Summer is almost here. That means Toby is soon going to need a trimming to avoid his fur getting clogged with weeds, burs, and tangles. And the cat, Sedgwick, has just gotten her summer shave since she is such a furball and sheds like CRAZY once the temperature rises above 60 degrees! Here are some of the tools and resources I like to use when trimming the pets:
First, you need to get an electric shaver designed for pets. It may seem cheaper to use an electric razor designed for humans, but trust me, for some reason this doesn’t work. Many years ago I tried to shave a pekingese with a regular shaver and it died before the dog was half-done! I also recommend getting a set like this one, that has multiple different attachments. Especially if you have never groomed your dog yourself, you can’t really be sure what kind of attachment will be best for the texture of the dog’s fur and the length you ultimately want it to be. Buying a set like this really doesn’t cost any more than just buying the shaver, and it lets you experiment a little or have the fur on some areas of the body longer than on other areas. Oh, and it may seem easier to just shave the dog without an attachment, but don’t try it – this will result in a nearly BALD DOG!!
This set is also nice because it includes scissors and a comb. It’s nice to have a dedicated set just for the dog. And it’s amazing what a difference a nice set of trimming shears makes!
On the topic of shears, one thing that I am considering investing in is a set of blending scissors. I got this idea at MY latest haircut, and I think it would be perfect for feathering a Cavalier King Charles Spaniel’s ears and the fur on the backs of the legs. These special scissors result in fur (or hair) that is a variety of lengths instead of one blunt line. Both from experience and seeing other Cavs out and about, the one most obvious tell-tale sign of home haircuts on a Cavalier is the blunt cut line on areas of the fur that are naturally feathered. A set of blending shears would make the cut MUCH more professional.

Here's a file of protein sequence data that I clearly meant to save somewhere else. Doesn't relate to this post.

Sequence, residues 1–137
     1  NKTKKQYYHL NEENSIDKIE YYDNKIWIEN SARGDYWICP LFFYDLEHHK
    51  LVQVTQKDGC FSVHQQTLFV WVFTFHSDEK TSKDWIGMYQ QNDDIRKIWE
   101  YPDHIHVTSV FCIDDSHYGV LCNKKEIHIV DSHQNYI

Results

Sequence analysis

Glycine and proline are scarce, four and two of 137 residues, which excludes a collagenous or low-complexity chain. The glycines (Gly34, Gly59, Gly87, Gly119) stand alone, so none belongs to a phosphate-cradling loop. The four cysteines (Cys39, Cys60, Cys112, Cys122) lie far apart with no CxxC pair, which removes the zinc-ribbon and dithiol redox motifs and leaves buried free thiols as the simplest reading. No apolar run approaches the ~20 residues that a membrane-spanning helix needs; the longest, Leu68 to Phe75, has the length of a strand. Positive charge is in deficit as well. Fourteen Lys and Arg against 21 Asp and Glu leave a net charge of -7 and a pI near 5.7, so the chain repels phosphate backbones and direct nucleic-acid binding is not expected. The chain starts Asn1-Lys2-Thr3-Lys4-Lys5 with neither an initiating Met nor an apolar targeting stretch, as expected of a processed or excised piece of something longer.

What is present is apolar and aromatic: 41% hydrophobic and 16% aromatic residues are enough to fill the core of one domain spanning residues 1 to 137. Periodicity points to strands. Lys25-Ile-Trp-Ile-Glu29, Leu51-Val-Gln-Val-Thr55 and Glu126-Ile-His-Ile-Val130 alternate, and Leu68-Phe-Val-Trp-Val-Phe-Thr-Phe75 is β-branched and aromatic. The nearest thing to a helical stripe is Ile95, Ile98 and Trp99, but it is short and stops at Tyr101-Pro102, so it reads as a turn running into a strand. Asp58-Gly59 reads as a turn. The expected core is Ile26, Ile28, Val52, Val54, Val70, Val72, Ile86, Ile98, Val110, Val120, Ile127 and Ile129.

That said, when I searched for blending shears for dogs, this is what I came up with. Now, it is nice and all, especially the pretty pink color, but that price seems outrageous! Maybe if you are a professional dog groomer it would be a worthwhile investment, but unlike in the case of the electric razor, I think here it is best to borrow a tool intended to be used on human hair:
Twenty bucks – that’s more like it! And it is a trusted brand, Tweezerman. You can get even cheaper shears, but like I said before, really nice scissors make a big difference when cutting hair (or fur).
The Stone Guide to Dog Grooming for All Breeds (0021898054036): Ben Stone, Pearl Stone: Books
Finally, I think a dog grooming book may be helpful, especially if you are really trying to get a trim that looks the way a Cavalier is supposed to look according to breed standards. Also if you have multiple breeds and want to know different techniques for trimming each breed. Now, a Cavalier is only supposed to have minimal trimming, so I think the advice in a professional book like this would be useful to avoid going overboard. And other breeds require much more complicated cuts, making a guide like this essential.
Hopefully this information helps you get all your pets ready for summer! Pictures of Toby and Sedgwick with their new haircuts are, of course, forthcoming!